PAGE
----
Nature needs little, fancy (Wahn) much.    Greek Proverb.  15355
  Nature never did betray / The heart that loved her.    Wordsworth.  15356
  Nature never hurries; atom by atom, little by little, she achieves her work.    Emerson.  15357
  Nature never made an unkind creature; ill-usage and bad habits have deformed a fair and lovely creation.    Sterne.  15358
  Nature never sends a great man into the planet without confiding the secret to another soul.    Emerson.  15359
  Nature owns no man who is not a martyr withal.    Carlyle.  15360
  Nature passes nurture.    Proverb.  15361
  Nature respects race and not hybrids.    Knox.  15362
  Nature sent women into the world that they might be mothers and love children, to whom sacrifices must ever be offered, and from whom none can be obtained.    Jean Paul.  15363
  Nature smiles as sweet, I ween, / To shepherds as to kings.    Burns.  15364
  Nature stretches out her arms to embrace man; only let his thoughts be of equal greatness.    Emerson.  15365
  Nature, study, and practice must combine to ensure proficiency in any art.    Aristotle.  15366
  Nature suffers nothing to remain in her kingdom which cannot help itself.    Emerson.  15367
  Nature takes as much pains in the forming of a beggar as an emperor.    Proverb.  15368
  Nature teaches beasts to know their friends.    Coriolanus, ii. 1.  15369
  Nature transcends all our moods of thought, and its secret we do not yet find.    Emerson.  15370
  Nature trips us up when we strut.    Emerson.  15371
  Nature understands no jesting; she is always true, always serious, always severe; she is always right, and the errors and faults are always those of man. Him who is incapable of appreciating her she despises, and only to the apt, the pure, and the true, does she resign herself and reveal her secrets.    Goethe.  15372
  “Nature veils God,” but what I see of Him in nature is not veiled.    Goethe.  15373
  Nature, which is the Time-vesture of God, and reveals Him to the wise, hides Him from the foolish.    Carlyle.  15374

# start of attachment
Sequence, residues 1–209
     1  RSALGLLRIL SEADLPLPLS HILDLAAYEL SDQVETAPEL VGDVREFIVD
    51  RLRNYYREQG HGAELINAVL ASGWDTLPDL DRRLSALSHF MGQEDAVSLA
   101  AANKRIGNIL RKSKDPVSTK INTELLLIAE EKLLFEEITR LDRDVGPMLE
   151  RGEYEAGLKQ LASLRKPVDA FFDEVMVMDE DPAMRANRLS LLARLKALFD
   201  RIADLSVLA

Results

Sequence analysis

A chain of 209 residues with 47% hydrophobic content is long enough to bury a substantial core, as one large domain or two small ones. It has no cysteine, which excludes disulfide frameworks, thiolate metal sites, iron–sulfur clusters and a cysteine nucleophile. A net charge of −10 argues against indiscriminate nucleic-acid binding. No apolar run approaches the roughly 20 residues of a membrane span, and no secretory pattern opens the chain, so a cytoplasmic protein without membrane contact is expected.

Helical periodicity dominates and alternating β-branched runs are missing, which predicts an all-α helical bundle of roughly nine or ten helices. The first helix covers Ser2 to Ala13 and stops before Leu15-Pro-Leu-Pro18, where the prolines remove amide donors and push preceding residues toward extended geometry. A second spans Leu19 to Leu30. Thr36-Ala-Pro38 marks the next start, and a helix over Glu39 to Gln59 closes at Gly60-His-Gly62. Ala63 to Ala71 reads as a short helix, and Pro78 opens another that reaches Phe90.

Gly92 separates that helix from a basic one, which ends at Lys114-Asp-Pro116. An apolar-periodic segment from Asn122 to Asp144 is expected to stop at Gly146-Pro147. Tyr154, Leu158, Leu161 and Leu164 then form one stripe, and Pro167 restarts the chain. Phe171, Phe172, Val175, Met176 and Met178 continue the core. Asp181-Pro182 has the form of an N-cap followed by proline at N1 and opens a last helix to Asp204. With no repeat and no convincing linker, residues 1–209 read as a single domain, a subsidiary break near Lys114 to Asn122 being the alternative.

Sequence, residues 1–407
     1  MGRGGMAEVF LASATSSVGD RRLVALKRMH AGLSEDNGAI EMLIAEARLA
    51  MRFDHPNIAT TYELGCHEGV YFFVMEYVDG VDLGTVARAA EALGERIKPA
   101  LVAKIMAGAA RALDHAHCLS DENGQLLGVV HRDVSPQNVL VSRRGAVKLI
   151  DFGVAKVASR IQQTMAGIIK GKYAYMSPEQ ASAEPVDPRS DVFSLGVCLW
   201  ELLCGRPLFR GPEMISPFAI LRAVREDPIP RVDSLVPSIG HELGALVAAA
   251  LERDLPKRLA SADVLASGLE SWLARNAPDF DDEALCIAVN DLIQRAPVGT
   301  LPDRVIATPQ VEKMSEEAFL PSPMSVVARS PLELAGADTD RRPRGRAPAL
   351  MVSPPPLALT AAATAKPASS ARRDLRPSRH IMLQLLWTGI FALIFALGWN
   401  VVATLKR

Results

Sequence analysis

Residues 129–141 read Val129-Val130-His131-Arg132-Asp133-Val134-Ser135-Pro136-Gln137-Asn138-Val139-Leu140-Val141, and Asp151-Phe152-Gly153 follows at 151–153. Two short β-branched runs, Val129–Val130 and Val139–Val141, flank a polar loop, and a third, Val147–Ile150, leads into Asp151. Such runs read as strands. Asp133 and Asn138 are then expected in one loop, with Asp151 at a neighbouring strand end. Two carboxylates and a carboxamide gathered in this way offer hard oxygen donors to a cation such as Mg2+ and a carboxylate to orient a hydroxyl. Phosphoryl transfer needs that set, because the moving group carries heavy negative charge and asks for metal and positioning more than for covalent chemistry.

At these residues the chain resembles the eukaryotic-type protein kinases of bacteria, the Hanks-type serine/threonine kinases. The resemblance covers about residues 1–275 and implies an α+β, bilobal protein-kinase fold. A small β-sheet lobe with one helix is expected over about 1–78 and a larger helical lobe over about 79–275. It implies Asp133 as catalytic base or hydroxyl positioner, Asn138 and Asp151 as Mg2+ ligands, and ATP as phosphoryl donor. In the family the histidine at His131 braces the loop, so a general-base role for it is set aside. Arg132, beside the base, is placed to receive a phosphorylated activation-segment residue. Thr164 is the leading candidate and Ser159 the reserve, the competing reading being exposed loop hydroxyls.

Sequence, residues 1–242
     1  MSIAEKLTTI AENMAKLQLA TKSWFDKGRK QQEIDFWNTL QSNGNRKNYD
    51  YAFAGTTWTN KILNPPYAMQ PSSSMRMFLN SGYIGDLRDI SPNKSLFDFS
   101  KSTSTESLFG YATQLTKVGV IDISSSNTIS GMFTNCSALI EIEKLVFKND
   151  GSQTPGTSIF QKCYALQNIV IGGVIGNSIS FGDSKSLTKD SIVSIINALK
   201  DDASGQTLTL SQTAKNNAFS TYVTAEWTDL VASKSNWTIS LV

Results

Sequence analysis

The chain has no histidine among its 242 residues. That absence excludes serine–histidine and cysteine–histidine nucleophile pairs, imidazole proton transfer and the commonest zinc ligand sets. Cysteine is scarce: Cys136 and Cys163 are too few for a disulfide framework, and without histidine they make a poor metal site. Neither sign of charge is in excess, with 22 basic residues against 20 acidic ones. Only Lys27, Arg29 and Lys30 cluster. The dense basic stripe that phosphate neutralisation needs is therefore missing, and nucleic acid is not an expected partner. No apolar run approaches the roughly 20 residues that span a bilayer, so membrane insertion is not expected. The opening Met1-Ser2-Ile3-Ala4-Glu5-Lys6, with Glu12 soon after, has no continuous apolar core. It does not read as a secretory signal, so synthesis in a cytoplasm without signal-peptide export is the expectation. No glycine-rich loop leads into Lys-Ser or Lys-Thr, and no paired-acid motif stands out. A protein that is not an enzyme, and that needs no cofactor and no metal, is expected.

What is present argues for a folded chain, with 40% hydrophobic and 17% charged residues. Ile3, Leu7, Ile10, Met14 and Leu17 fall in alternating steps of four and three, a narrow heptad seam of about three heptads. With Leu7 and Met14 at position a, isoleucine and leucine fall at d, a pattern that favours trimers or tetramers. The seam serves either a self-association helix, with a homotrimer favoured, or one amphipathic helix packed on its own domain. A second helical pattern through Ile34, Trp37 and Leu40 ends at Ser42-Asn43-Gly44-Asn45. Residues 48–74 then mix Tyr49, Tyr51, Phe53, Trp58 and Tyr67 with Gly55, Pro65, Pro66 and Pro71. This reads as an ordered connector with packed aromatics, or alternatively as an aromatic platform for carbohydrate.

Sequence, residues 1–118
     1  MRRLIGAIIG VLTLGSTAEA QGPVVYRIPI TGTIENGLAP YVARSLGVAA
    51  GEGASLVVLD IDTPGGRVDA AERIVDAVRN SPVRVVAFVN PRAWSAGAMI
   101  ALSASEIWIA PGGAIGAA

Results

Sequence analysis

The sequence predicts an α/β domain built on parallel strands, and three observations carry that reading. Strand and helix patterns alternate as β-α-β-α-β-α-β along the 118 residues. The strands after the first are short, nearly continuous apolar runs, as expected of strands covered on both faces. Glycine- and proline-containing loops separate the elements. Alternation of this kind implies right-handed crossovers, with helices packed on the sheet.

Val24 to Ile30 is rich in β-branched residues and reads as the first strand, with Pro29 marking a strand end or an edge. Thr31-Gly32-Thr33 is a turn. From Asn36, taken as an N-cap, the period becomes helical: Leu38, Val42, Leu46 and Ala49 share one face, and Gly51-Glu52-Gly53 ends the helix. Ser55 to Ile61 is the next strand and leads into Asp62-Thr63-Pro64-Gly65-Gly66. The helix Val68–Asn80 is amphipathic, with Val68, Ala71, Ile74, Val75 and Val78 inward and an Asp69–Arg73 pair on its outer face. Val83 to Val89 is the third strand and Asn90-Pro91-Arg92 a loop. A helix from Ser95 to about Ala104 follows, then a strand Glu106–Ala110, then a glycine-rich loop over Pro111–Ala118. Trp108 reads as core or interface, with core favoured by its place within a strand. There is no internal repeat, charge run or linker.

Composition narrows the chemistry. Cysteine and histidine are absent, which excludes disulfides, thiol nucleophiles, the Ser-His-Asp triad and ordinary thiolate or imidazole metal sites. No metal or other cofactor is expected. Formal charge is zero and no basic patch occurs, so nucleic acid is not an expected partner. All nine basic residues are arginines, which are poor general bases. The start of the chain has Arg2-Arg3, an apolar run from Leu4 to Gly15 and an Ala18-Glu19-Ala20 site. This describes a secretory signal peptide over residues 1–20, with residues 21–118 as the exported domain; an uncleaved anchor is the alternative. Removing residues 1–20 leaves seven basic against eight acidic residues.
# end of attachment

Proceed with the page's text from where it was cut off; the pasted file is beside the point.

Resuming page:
Nature will not be Buddhist; she resents generalising, and insults the philosopher in every moment with a million of fresh particulars.    Emerson.  15375
  Nature without discipline is of small force, and discipline without nature more feeble.    John Lily.  15376
  Nature without learning is like a blind man; learning without Nature, like a maimed one; practice without both, incomplete.    Plutarch.  15377
  Nature works after such eternal, necessary, divine laws, that the Deity himself could alter nothing in them.    Goethe, after Spinoza.  15378
  Nature works on the method of all for each and each for all.    Emerson.  15379
  Nature works very hard, and only hits the white once in a million throws. In mankind, she is contented if she yields one master in a century.    Emerson.  15380
  Nature’s above art.    King Lear, iv. 6.  15381
  Nature’s chief masterpiece is writing well.    Duke of Buckingham.  15382
  Nature’s shadows are ever varying.    William Blake.  15383
  Nature’s tears are Reason’s merriment.    Romeo and Juliet, iv. 5.  15384
  Natures that have much heat, and great and violent desires and perturbations, are not ripe for action till they have passed the meridian of their years.    Bacon.  15385
  Natürlicher Verstand kann fast jeden Grad von Bildung ersetzen, aber keine Bildung den natürlichen Verstand—Natural intelligence may make up almost every step in culture, but no culture make up for natural intelligence.    Schopenhauer.  15386
  Natus nemo—Not a born soul.    Plautus.  15387
  Natus sum; esuriebam, quærebam; nunc repletus requiesco—I was born; I felt hungry, and sought for food; now that I am satiated, I lay me down to rest.  15388
  Naufragium in portu facere—To make shipwreck in port.    Quintilian.  15389
  Nay! evermore, / All things and thoughts, both new and old, are writ / Upon the unchanging human heart and soul.    Lewis Morris.  15390
  Nay, let us seek at home to find / Fit harvest for the brooding mind, / And find, since thus the world grows fair, / Duty and pleasure everywhere.    Lewis Morris.  15391